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Government targets OHS

INDUSTRY is facing widespread changes to occupational safety and health laws in a continuing effort by the WA Government to reduce the number of workplace injuries and deaths.

Proposed changes to WA occupational safety and health laws will be before parliament in the spring session following a review of the State’s Occupational Safety and Health Act 1984 and the Mines Safety Inspection Act 1994 by former Australian Industrial Relations Commissioner Robert Laing.

The review’s 107 recommendations have also spawned administrative and policy changes, in particular for the construction, transport and mining industries.

Under the proposed reforms, maximum penalties for duty of care breaches could more than triple, from $200,000 to $625,000.

A new warning system will be introduced, whereby Provisional Improvement Notices can be issued to an employer for suspected safety breaches.

Eight new WorkSafe inspectors will be appointed this financial year, with a further 12 to be appointed in the following two years.

Changes are also planned for the role and composition of the WorkSafe Commission, and the Mines Occupational Safety and Health Advisory Committee format.

Consumer and Employment Protection Minister John Kobelke is also looking at establishing a new Safety and Health Tribunal under the Industrial Relations Commission.

The number of deaths and injuries in the WA construction industry has been of particular concern, and from September new regulations covering crane operations and elevating work platforms could be in force.

The work platform changes cover maintenance, operation and inspection aspects, as specified by designers or manufacturers.

Other changes are in the wind, with proposed tilt-up construction reforms before an industry committee and chrysolite asbestos scheduled for a national phase-out by the end of the year.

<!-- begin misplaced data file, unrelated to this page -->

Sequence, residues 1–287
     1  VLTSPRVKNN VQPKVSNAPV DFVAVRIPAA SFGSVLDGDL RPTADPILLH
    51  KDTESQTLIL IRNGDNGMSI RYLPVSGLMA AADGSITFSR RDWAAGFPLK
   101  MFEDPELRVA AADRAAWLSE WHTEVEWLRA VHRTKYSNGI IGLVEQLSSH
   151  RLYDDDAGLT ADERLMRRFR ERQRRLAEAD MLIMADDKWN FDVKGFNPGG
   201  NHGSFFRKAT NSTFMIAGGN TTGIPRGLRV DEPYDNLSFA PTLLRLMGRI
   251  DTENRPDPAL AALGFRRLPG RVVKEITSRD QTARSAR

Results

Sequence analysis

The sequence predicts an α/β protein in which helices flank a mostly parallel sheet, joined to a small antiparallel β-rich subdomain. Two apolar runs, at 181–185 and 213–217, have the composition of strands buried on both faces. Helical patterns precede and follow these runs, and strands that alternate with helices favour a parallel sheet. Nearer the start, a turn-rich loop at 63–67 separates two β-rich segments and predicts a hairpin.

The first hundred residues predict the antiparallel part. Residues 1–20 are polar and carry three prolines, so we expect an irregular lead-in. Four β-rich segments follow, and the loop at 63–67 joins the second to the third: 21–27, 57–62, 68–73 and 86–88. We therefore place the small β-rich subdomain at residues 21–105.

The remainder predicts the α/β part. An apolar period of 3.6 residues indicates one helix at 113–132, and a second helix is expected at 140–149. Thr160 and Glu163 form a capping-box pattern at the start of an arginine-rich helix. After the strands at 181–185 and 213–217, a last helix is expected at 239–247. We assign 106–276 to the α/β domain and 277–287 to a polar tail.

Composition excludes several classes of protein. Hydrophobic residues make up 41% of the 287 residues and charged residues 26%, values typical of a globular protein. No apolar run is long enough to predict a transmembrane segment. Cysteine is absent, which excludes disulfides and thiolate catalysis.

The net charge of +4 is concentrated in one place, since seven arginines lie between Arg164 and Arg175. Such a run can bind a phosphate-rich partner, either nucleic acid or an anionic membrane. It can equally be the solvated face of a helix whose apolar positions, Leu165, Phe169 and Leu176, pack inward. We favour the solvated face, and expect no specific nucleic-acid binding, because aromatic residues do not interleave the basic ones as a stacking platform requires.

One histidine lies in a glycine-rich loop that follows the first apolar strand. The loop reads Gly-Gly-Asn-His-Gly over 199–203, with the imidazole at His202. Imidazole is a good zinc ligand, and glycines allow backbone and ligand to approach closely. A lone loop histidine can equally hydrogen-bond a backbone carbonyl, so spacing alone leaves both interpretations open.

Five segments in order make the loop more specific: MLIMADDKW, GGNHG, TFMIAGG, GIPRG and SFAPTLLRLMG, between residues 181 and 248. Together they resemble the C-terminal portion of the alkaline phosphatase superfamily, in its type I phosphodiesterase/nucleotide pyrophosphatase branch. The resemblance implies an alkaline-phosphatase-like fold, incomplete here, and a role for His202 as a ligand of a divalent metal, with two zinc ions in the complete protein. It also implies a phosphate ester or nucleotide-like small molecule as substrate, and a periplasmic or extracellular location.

Earlier this month new regulations came into effect for commercial vehicle operators.

The changes are designed to reduce fatigue hazards by enforcing mini-mum break times.

In addition, the Government is conducting a vehicle driver fatigue campaign and developing a new industry code of practice.

Chamber of Minerals and Energy chief executive Tim Shanahan said the chamber was cautious about some changes, in particular not wanting industrial relations issues to be confused with health and safety issues.

In that regard it would be better not to have occupational safety and health people on the Safety and Health Tribunal that is to come under the auspices of the Industrial Relations Commission, he said.

“If remedies for occupational safety and health offences go too far, it could be detrimental for free and open information exchange,” Mr Shanahan said.

The CME would also prefer to keep both mining safety and health policy and the mines safety inspectorate within the one government department, the Department of Industry and Resources, rather than have the former covered by the WorkSafe Commission and the latter by DoIR.

The Government has recognised the CME’s concern and is allocating a CME place and a mining-related union position on the WorkSafe Commission.

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